The anchor can be the first thing they heard about within a situation, which then influences subsequent lines of questioning and enquiry, or the very last thing (known as end-anchoring), which can result in the neglect of all the information that has come before. People can also anchor to something very familiar or very unique, and then use these anchors as the comparison point for all other subsequent evaluations.
In everyday life, we often become anchored to things when we make decisions. A common example is when an item is priced at $9.99. In such cases we anchor to the $9, which makes the item seem a whole dollar cheaper than if it was priced at $10.00. Studies have found that a significantly larger number of people will buy something priced at $9.99 than $10.00, due to anchoring bias.
Anchoring bias also becomes influential when we are discussing things with others, and we often anchor to the first piece of information we receive. First and last things we see are typically easier to remember, and it’s that ease of recall that gets conflated in our minds with the actual value of the information.
Within incident investigation, if you are initially told when you get to the jobsite that the project completion is fast approaching, and the workers are all under pressure to complete the work, this information can easily become an anchor, not least because ‘production pressures’ are a common causal factor in incidents. This anchor can interfere with the investigation process by influencing and directing the line of questioning, causing comparisons between the value of different evidence that cannot and should not be compared. The anchor can also be used to explain or justify any phenomenon, which overvalues its actual importance in the situation. The problem is not using information to inform your line of questioning or pursuing comparisons. It becomes a problem when the information becomes an anchor (i.e., an absolute truth) and is treated as a causal factor without sufficient evidence. Anchoring bias has the potential to limit information collection and thus organizational learning.
Like all biases, anchoring bias can be very difficult to overcome, even when you are aware of it. Experience can reduce the effect of anchoring bias, but even with considerable experience you can still be susceptible to its effects. Systematic approaches to investigation can help, for example having checklists to follow or a list of topics to explore in turn, to help ensure you give each new piece of information equal attention. Actively considering the opposite in any situation can also help, as this pivots your thinking away from the anchor which may direct you to asking very different questions and thus revel new insights on the situation.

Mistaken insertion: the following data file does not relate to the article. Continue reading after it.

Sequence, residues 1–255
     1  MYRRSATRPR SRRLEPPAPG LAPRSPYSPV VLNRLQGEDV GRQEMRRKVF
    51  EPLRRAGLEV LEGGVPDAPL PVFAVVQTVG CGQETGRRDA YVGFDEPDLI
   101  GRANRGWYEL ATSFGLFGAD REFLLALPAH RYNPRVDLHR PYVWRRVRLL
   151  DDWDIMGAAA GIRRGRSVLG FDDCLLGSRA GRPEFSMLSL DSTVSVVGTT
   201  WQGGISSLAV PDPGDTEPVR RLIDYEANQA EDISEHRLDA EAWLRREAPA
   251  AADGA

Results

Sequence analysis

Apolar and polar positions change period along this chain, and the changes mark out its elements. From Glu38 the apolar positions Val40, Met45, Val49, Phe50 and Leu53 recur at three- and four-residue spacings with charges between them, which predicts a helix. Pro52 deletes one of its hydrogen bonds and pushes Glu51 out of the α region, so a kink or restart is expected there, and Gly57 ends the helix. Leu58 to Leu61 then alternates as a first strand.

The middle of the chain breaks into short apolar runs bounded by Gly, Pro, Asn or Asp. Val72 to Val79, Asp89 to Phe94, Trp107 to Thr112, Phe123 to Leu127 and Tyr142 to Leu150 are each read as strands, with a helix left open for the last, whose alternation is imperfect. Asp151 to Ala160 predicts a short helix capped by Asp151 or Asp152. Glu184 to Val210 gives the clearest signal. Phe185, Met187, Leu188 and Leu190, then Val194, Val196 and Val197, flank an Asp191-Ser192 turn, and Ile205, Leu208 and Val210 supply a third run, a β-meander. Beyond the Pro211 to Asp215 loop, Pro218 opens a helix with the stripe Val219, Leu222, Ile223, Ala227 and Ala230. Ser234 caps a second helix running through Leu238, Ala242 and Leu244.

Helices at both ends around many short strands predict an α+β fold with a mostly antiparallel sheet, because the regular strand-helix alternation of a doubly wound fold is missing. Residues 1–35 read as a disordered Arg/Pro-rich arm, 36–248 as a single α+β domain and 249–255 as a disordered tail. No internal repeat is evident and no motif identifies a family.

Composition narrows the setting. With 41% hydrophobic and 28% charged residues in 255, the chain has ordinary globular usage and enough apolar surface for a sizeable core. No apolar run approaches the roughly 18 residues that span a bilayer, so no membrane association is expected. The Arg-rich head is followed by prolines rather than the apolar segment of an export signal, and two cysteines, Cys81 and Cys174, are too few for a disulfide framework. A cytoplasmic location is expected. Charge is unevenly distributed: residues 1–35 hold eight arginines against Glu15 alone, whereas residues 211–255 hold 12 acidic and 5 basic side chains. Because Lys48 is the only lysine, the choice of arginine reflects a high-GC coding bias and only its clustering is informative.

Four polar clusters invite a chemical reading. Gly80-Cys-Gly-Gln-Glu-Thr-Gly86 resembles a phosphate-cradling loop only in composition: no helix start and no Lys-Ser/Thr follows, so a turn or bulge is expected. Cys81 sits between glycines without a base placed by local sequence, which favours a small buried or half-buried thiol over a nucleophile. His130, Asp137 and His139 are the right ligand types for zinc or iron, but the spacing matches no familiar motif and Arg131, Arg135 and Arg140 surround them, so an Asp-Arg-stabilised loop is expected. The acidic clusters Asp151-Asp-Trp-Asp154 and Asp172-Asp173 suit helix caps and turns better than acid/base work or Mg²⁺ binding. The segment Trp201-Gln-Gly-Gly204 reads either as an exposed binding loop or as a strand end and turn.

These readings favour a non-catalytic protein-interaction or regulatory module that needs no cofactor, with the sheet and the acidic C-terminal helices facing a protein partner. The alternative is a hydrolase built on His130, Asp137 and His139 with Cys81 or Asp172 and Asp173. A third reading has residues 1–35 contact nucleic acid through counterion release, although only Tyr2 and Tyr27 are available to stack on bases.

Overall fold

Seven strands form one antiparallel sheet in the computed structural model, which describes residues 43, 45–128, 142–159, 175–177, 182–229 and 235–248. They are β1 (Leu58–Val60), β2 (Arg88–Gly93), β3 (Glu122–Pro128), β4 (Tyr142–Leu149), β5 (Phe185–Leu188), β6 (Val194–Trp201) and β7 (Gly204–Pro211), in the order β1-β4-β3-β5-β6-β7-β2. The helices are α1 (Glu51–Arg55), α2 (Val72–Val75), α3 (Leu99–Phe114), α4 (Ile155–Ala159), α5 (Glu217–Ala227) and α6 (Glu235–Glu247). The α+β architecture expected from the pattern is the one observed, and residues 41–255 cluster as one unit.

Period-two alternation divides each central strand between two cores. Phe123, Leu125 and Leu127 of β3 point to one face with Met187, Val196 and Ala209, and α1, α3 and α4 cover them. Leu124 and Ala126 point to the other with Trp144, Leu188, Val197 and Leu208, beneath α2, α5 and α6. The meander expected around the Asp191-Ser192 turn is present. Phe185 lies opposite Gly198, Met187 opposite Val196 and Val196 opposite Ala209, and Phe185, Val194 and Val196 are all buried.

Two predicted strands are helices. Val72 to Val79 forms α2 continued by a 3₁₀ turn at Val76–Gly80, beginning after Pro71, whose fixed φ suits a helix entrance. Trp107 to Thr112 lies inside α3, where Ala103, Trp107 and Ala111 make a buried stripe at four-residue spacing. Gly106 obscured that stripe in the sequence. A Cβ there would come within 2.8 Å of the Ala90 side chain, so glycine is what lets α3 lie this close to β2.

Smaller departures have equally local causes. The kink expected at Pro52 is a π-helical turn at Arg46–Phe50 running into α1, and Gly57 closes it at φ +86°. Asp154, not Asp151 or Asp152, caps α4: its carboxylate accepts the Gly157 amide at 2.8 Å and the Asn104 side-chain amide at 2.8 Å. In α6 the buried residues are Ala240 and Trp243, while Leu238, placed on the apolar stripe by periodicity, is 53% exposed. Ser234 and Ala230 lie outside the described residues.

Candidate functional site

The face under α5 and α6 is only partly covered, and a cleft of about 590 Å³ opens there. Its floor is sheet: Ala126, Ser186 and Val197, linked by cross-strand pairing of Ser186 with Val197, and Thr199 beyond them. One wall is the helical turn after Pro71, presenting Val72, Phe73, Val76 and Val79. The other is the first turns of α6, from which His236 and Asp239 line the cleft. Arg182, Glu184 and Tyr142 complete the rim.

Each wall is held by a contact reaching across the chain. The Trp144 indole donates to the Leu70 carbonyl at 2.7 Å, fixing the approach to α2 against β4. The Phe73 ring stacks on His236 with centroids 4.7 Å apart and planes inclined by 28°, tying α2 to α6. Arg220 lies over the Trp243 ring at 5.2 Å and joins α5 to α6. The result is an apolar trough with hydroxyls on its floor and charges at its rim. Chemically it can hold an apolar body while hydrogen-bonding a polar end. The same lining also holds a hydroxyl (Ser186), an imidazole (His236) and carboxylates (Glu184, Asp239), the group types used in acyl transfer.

Confirmation bias is the tendency to look for and focus on information that supports our existing beliefs or preconceptions.
In everyday life, this can be as simple as believing the referee made a bad decision when they called a foul against your team – but when they called the same foul against the opposition team in the same match it was a great decision! Another example often happens during election season, when we tend to seek out information that confirms our existing beliefs about the candidates. When we go on the internet and search, “why is person X wrong” or “why does Y soda taste so good”, guess what? We will find information that may even be credible supporting the presumptive answer to our question. This bias also consciously and subconsciously enables us to ignore or dismiss information that conflicts with our beliefs. All the while, we are comforted by the fact that we have done our research and found evidence to support our beliefs.
Within incident investigation, confirmation bias can lead us to seek out information that supports our beliefs about an incident – which themselves may have emerged as a result of other biases (check out representativeness bias and anchoring bias to see how they can influence our preconceptions about a situation). In an interview, confirmation bias can lead us to subconsciously ask questions that will generate information that we know will add to the evidence that supports the conclusions we have already made. For example, if you feel production pressures are a causal factor, you may focus on questions exploring stress, work pressures and deadlines – the answers to which will add to a more detailed picture of production pressures on the jobsite, and thus support your theory simply by adding to the body of information that backs it up. However, this is likely to also be at the neglect of other lines of questioning that may also be highly relevant.